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Donald Kirby Milton

Donald Kirby Milton, American Occupational and environmental health researcher. Achievements include first study to measure occupational asthma incidence in the United States; development of new method to assay for endotoxin in airsamples; first publication showing that endotoxin, instilled in animal lungs causes emphysema; description of acute exposure-response relation for endotoxin and pulmonary function among non-agricultural workers.


  • Milton, Donald Kirby was born on March 27, 1951 in Mineola, New York, United States. Son of Clare Leon and Chloe (DeLong) Milton.

  • Education

    • Bachelor in Chemistry cum laude, University Maryland, 1976. Doctor of Medicine, Johns Hopkins University, 1980. Master Occupational Health, Harvard University, 1985.

      Department of Public Health, Harvard University, 1989.


    • Resident in internal medicine Grady Memorial Hospital, Atlanta, 1980-1982, University Hospital, Boston, 1983-1984. Clinical research fellow Emory University School Medicine, Atlanta, 1982-1983. Resident in occupational medicine School Public Health Harvard University, Boston, 1984-1986, fellow occupational health School Public Health, 1986-1988.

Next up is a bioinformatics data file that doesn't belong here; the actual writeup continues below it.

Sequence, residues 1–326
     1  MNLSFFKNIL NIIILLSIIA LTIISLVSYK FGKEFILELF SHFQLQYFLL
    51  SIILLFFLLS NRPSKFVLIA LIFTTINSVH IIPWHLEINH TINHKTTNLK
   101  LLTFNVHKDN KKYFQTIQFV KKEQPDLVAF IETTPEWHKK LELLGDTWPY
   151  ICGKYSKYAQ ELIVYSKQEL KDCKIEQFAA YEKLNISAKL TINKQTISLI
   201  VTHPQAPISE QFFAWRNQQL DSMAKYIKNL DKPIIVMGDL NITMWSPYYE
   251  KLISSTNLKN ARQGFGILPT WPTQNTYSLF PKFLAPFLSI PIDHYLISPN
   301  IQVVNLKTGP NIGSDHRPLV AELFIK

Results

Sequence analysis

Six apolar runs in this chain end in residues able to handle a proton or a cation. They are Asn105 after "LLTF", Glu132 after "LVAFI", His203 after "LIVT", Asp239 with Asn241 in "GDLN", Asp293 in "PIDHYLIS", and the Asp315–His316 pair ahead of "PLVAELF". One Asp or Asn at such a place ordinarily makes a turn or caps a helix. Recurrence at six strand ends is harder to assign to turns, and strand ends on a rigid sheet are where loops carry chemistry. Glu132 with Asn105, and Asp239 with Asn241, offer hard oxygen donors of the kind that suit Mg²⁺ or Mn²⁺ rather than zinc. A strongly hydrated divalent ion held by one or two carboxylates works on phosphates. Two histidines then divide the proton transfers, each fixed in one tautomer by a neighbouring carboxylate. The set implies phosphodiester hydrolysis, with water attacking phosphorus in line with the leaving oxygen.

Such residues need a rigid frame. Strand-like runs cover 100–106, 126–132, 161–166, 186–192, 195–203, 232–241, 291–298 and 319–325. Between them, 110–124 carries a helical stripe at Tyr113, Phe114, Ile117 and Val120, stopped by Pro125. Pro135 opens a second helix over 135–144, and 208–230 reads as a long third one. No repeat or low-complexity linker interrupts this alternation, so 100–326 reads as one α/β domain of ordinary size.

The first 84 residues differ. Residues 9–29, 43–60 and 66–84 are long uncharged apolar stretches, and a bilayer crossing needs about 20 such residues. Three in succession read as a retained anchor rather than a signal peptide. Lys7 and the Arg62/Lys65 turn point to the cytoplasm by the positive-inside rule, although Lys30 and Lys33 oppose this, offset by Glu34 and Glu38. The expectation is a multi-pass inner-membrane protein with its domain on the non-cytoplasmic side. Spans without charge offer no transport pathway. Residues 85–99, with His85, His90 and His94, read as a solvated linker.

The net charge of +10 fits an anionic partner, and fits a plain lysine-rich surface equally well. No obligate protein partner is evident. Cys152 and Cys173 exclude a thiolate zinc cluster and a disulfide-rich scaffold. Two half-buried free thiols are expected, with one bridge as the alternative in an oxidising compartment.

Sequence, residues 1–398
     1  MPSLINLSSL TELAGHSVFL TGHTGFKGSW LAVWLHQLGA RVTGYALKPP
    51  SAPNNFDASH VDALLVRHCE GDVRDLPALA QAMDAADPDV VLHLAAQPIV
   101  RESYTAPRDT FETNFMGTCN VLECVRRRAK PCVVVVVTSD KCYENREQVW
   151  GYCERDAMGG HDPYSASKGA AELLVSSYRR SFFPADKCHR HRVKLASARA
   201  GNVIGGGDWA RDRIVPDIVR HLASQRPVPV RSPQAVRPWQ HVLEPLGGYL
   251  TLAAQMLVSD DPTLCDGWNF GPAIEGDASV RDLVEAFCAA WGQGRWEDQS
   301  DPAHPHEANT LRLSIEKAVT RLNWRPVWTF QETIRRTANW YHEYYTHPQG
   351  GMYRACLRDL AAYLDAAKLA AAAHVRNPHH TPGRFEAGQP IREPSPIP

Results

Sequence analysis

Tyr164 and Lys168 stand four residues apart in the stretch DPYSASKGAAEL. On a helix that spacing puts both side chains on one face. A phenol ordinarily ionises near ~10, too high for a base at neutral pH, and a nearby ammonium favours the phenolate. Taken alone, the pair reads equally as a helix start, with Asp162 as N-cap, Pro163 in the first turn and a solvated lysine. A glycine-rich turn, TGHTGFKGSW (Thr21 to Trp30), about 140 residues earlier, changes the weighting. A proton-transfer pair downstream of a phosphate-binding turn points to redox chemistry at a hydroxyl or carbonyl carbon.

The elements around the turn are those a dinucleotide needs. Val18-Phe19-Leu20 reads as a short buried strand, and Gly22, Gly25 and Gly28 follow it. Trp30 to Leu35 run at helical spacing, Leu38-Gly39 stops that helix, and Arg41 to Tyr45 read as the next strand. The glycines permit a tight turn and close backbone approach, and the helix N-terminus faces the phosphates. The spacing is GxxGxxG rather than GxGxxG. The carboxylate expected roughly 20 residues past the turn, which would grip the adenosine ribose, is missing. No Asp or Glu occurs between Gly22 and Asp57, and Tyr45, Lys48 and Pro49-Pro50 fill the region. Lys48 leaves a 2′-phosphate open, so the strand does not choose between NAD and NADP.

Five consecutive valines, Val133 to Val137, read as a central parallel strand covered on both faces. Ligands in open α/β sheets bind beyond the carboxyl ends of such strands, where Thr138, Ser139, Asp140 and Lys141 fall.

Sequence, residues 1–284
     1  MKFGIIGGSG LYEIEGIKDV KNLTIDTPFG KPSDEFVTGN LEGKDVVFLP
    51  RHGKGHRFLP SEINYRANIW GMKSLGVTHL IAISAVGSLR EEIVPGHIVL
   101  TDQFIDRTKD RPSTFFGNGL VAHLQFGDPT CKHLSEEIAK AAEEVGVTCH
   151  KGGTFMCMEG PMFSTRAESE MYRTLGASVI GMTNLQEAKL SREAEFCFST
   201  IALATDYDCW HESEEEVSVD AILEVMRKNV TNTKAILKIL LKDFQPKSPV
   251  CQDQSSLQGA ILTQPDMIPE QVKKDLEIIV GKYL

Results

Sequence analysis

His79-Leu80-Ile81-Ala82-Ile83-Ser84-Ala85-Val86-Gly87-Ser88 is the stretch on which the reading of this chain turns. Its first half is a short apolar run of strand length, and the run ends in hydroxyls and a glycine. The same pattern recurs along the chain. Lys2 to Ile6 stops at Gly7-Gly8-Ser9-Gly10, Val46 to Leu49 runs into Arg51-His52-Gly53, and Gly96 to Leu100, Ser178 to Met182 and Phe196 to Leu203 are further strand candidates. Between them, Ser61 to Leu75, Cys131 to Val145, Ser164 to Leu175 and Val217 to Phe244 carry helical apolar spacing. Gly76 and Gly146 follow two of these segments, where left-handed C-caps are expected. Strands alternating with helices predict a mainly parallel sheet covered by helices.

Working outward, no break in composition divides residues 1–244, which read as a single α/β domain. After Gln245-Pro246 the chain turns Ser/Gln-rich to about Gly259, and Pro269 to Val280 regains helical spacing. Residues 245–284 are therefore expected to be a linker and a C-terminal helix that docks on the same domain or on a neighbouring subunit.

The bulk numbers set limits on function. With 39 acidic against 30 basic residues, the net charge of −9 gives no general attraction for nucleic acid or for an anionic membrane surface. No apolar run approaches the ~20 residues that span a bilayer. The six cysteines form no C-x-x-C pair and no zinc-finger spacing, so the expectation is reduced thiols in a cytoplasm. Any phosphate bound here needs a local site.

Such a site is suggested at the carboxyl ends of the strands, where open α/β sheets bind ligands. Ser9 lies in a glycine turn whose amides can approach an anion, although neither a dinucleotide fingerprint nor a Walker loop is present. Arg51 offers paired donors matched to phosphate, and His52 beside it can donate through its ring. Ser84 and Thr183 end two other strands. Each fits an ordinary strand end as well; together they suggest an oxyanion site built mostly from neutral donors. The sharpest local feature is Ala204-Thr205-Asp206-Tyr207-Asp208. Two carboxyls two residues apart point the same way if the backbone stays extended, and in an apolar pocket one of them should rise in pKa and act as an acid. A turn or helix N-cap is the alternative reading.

Research associate School Public Health, Harvard University, 1988-1990, assistant professor, 1990-1997, associate professor, 1997—2001, lecturer, 2001—2004, senior lecturer, 2004—2005, adjunct senior lecturer, since 2005. Professor University Massachusetts, Lowell, since 2005. Associate physician Brigham & Women's Hospital, since 1999.

      Bioaerosols committee American Conference Government Indiana Hygienists, Cincinnati, 1988, vice-chair, 1995-1997, chair, 1998-2001. Occupational health consultant Fallon Clinic, Worcester, Mas., since 1986.


    Member American Thoracic Society, American College Occupational and Environmental Medicine.


    • Married Diane Dolle Teichert, August 1979. Children: Alexa, Ross.
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    Born March 27, 1951
    (age 66)